Noteworthy News – 1.20

This weekly posting includes key news stories and opinion pieces related to foreign assistance reform and the larger development community.

News on Haiti:

  • Why Haiti Matters (Newsweek-Barack Obama, January 15) In the months and years to come, as the tremors fade and Haiti no longer tops the headlines or leads the evening news, our mission will be to help the people of Haiti to continue on their path to a brighter future. The United States will be there with the Haitian government and the United Nations every step of the way.
  • To Help Haiti, End Foreign Aid (Wall Street Journal-Bret Stephens, January 19) For actual Haitians, however, just about every conceivable aid scheme beyond immediate humanitarian relief will lead to more poverty, more corruption and less institutional capacity. It will benefit the well-connected at the expense of the truly needy, divert resources from where they are needed most, and crowd out local enterprise. And it will foster the very culture of dependence the country so desperately needs to break.
  • If Haiti is to `build back better’ (Miami Herald-Paul Farmer, January 17)  Fourth, aid should be coordinated and conceived in a way that shores up Haitian capacity to respond. Some of this emergency response can be done with longer-range views in mind. Schools must be rebuilt, but in the interim, children must be back in school soon, and rebuilding the city’s housing stock will require a different kind of urban planning and a long-term commitment to respect for the Haitian people’s wishes.
  • The Underlying Tragedy (The New York Times-David Brooks, January 15) This is not a natural disaster story. This is a poverty story. It’s a story about poorly constructed buildings, bad infrastructure and terrible public services. On Thursday, President Obama told the people of Haiti: “You will not be forsaken; you will not be forgotten.” If he is going to remain faithful to that vow then he is going to have to use this tragedy as an occasion to rethink our approach to global poverty. He’s going to have to acknowledge a few difficult truths.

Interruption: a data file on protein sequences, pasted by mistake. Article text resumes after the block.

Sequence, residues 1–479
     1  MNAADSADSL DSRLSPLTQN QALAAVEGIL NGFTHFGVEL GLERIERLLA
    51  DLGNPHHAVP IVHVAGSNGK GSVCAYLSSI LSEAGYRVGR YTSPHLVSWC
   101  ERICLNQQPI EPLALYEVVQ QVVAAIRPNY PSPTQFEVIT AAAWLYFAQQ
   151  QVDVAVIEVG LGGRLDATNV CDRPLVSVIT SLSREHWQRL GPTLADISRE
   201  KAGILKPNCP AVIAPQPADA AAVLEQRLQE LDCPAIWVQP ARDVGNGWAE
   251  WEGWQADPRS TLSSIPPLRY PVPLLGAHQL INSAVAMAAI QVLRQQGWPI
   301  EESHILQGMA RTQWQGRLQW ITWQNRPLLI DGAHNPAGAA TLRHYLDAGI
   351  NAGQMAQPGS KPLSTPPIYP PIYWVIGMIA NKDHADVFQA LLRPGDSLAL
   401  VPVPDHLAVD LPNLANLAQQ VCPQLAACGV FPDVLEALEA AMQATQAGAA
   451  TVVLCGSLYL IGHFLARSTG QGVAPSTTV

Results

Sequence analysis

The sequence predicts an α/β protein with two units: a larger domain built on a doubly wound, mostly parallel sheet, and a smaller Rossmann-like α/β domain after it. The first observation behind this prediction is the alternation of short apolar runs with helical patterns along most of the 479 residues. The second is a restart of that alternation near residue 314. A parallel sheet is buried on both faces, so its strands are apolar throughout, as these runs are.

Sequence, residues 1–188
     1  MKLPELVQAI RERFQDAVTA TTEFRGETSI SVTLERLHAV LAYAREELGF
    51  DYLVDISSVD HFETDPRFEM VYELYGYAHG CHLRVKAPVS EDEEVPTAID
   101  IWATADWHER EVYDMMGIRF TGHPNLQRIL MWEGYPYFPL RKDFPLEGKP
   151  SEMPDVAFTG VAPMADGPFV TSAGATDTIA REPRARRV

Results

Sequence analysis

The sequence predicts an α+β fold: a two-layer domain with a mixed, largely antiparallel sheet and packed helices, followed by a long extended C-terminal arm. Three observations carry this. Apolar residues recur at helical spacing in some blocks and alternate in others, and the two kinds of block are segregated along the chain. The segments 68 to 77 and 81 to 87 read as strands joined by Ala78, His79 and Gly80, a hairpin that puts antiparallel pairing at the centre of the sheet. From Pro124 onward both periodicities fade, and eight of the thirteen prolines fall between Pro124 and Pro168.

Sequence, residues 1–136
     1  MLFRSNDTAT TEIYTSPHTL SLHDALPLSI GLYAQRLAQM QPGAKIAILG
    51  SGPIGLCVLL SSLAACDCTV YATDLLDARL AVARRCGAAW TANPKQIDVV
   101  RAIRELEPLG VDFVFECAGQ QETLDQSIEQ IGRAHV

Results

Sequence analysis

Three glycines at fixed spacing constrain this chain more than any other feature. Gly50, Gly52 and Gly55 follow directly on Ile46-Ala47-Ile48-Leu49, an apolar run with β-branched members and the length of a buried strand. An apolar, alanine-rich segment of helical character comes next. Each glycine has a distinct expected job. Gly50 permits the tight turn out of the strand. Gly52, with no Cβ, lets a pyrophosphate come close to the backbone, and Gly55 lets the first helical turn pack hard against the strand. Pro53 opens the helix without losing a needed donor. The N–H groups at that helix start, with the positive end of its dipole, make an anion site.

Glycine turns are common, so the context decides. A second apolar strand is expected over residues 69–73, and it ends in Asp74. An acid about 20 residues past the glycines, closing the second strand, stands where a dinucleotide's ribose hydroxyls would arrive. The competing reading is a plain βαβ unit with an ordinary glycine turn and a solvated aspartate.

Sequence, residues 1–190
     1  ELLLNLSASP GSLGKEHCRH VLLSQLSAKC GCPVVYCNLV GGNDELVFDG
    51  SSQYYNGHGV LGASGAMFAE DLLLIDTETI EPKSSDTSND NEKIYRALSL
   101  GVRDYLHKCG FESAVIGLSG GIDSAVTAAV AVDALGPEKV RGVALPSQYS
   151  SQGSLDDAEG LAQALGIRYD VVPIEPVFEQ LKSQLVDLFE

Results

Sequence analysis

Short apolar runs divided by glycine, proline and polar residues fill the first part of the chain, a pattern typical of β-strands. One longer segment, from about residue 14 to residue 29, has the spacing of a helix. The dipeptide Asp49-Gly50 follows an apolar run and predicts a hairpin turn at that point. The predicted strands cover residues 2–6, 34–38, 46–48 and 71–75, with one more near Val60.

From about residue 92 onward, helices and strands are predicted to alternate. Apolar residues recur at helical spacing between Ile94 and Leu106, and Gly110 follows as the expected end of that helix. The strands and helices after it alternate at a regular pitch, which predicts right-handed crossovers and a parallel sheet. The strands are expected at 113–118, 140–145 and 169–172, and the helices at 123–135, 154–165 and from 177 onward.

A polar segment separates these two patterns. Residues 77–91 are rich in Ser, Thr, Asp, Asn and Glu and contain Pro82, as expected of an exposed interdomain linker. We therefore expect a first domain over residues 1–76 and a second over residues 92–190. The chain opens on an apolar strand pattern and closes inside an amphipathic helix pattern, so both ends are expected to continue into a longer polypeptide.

Other news we’re reading:

  • Clinton v. Kerry: The AID war begins (FP Blog-Josh Rogin, January 14) “It is becoming an article of faith in the foreign policy community that development is a third pillar of U.S. national security, but in resources and stature, our assistance programs are poor cousins to diplomacy and defense,” says the Senate report.   The report goes into detail about what that means — a lot more detail than the State Department has offered about how it’s thinking about these issues.
  • Vilsack to evaluate Afghanistan farm aid (Agweek-Jerry Hagstrom, January 11) Vilsack, Shah and Holbrooke all avoided any mention of the concerns with the agencies or on Capitol Hill that USDA may be usurping USAID’s traditional development role and undertaking the Afghan reconstruction effort at the expense of the USDA Foreign Agriculture Service’s traditional mandate to sell U.S. products abroad.  Holbrooke said USDA and USAID personnel have been asked not to identify themselves as being employed by one agency or another. He said there is a senior official in charge of the agriculture effort, but that he could not remember which agency the official is from. Both USDA and USAID leaders report to Ambassador Tony Wayne, who is “the senior director of operations,” Holbrooke said.

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